Saboteurs 'receiving orders from abroad'
Manama, May 8, 2012
An illegal network of saboteurs has been carrying out attacks in Bahrain based on instructions from abroad, said sources involved in investigating attacks against policemen and collecting evidence.
Rioters in trouble hotspots co-ordinate with a local ringleader who passes on directions from the London-based outlawed opposition group the Bahrain Freedom Movement, the sources said.
The group is headed by Dr Saeed Al Shehabi, who was jailed for life in absentia for being part of a 21-man plot to overthrow the government.
Another key member is Ali Mushaima who was convicted in absentia and jailed for 15 years in the same case.
Mushaima and Moosa Al Sitrawi attracted global attention last month when they occupied the roof of the Bahrain Embassy in London for more than 24 hours.
The protest only ended after British police scrambled phone signals through which they had been receiving instructions.
Mushaima was earlier named by Bahraini authorities as being one of two men accused of masterminding a plot that allegedly targeted key locations in Bahrain and had links to Iran's Revolutionary Guard and the Basij force.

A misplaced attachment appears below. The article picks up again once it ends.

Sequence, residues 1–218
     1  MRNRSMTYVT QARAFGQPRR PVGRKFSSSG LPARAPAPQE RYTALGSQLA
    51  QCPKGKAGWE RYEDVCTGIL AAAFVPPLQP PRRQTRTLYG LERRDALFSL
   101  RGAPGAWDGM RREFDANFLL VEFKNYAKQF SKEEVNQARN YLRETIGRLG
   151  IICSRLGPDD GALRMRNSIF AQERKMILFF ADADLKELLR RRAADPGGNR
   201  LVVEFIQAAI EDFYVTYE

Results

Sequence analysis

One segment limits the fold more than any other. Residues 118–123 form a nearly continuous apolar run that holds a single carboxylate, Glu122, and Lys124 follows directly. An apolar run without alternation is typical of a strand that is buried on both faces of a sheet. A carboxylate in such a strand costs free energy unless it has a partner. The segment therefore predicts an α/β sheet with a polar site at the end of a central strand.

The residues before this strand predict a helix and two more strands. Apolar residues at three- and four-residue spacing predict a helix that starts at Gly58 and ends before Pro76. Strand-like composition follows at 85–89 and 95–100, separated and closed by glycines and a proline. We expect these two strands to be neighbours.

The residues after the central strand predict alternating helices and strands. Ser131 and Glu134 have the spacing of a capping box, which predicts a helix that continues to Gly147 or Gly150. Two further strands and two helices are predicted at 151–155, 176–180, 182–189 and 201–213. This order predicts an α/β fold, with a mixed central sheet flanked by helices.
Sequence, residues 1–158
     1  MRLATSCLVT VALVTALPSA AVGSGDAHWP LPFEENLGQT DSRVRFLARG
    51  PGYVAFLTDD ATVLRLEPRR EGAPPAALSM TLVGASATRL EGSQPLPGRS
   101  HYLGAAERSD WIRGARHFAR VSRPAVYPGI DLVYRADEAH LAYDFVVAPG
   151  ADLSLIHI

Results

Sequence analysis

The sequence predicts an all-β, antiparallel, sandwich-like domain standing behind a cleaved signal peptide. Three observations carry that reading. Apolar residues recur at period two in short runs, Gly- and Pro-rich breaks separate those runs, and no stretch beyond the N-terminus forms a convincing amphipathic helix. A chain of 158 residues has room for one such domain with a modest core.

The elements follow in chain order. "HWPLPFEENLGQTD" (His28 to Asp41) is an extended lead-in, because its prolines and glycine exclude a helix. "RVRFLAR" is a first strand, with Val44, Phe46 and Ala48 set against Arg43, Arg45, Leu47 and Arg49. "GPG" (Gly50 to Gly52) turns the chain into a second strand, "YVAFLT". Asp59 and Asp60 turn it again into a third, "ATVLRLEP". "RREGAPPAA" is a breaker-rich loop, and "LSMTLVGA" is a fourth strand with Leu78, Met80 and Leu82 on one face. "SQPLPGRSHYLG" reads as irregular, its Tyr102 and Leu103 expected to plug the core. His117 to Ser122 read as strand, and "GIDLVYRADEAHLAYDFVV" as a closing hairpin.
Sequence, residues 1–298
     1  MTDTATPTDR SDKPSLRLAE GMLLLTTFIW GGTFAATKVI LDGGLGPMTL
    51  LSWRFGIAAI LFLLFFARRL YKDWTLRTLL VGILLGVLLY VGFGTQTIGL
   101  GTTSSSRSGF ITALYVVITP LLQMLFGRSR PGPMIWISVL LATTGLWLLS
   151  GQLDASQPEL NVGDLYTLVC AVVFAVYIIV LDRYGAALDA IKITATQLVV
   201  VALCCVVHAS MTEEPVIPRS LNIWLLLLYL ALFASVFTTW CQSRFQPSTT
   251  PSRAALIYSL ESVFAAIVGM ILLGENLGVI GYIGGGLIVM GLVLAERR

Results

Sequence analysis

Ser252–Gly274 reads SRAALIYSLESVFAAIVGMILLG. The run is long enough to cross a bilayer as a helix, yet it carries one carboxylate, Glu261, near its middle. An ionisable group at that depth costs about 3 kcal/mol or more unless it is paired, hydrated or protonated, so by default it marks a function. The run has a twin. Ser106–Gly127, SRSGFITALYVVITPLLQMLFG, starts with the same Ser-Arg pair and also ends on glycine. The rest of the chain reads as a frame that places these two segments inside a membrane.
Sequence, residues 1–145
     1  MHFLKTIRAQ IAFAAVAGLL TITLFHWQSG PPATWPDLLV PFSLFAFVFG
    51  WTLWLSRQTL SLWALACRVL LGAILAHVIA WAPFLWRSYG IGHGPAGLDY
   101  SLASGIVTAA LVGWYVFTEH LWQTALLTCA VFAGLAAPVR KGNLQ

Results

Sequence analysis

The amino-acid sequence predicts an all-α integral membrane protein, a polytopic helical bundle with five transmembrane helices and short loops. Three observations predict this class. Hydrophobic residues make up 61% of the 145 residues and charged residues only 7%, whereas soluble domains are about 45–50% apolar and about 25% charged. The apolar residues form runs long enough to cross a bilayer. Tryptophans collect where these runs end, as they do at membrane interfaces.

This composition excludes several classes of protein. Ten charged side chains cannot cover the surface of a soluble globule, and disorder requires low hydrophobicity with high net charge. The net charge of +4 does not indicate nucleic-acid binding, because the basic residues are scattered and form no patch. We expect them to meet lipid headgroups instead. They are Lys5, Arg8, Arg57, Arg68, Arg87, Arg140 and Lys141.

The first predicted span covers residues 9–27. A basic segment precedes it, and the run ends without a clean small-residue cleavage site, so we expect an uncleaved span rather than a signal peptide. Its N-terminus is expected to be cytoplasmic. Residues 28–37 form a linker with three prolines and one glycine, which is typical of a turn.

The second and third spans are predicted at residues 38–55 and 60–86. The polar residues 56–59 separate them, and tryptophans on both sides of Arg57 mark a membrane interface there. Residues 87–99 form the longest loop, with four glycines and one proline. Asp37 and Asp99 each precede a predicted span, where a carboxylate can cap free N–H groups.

His father Hassan was earlier found guilty of being part of the 21-man plot and jailed for life.
The source said Dr Al Shehabi and Mr Mushaima continue to pass on instructions to saboteurs in Bahrain who are part of the anonymous February 14 Coalition group.
"In every village for every 15 people there is a leader, who is in constant touch with other leaders in different areas," he said.
"All these leaders report to a common person based in Bahrain, who shares information with Bahrain Freedom Movement members."
The source, who has collected evidence based on investigations since last year, added that to garner support, some youths were paid money by the ringleaders of illegal protests.
"They pay these young men money starting from BD5 ($13.26) to attack policemen by stones, homemade weapons and Molotov cocktails," he said. "Some youths are contacted by these protest leaders to attack policemen in villages."
"They have no idea what their actions could lead to and are told to keep a low profile after the incident until they receive new instructions. Most of these youths have expensive photography equipment, which they use to capture videos or images that are posted on their social networking websites."
Further questioning about the source of funds available to the protesters, the source claimed some political groups are backing the young men.
"We know for a fact that some political groups collect money on the pretext of charity in their authorised marches," he said.
"They collect millions of dinars through this practice which we do not see being deposited in banks. So how is this money utilised?" – TradeArabia News Service